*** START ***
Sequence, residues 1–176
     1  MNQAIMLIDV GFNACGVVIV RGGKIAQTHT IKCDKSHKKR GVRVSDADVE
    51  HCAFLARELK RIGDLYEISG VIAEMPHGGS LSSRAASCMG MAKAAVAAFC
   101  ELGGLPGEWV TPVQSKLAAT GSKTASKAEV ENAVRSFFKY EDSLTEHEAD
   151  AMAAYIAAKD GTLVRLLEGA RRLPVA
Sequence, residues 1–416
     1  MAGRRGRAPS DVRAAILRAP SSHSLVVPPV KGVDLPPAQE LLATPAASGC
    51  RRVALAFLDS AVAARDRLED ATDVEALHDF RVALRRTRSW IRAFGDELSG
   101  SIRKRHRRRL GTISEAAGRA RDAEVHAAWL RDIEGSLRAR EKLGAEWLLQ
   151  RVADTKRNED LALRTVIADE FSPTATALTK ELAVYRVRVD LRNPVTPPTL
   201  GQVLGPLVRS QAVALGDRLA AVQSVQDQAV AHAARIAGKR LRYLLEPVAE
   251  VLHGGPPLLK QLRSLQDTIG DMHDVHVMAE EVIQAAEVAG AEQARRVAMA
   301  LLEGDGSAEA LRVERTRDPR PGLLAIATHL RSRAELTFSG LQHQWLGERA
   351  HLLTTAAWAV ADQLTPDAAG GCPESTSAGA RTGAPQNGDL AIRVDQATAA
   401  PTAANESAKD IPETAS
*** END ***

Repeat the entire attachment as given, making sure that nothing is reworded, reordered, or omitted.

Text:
Sequence, residues 1–176
     1  MNQAIMLIDV GFNACGVVIV RGGKIAQTHT IKCDKSHKKR GVRVSDADVE
    51  HCAFLARELK RIGDLYEISG VIAEMPHGGS LSSRAASCMG MAKAAVAAFC
   101  ELGGLPGEWV TPVQSKLAAT GSKTASKAEV ENAVRSFFKY EDSLTEHEAD
   151  AMAAYIAAKD GTLVRLLEGA RRLPVA
Sequence, residues 1–416
     1  MAGRRGRAPS DVRAAILRAP SSHSLVVPPV KGVDLPPAQE LLATPAASGC
    51  RRVALAFLDS AVAARDRLED ATDVEALHDF RVALRRTRSW IRAFGDELSG
   101  SIRKRHRRRL GTISEAAGRA RDAEVHAAWL RDIEGSLRAR EKLGAEWLLQ
   151  RVADTKRNED LALRTVIADE FSPTATALTK ELAVYRVRVD LRNPVTPPTL
   201  GQVLGPLVRS QAVALGDRLA AVQSVQDQAV AHAARIAGKR LRYLLEPVAE
   251  VLHGGPPLLK QLRSLQDTIG DMHDVHVMAE EVIQAAEVAG AEQARRVAMA
   301  LLEGDGSAEA LRVERTRDPR PGLLAIATHL RSRAELTFSG LQHQWLGERA
   351  HLLTTAAWAV ADQLTPDAAG GCPESTSAGA RTGAPQNGDL AIRVDQATAA
   401  PTAANESAKD IPETAS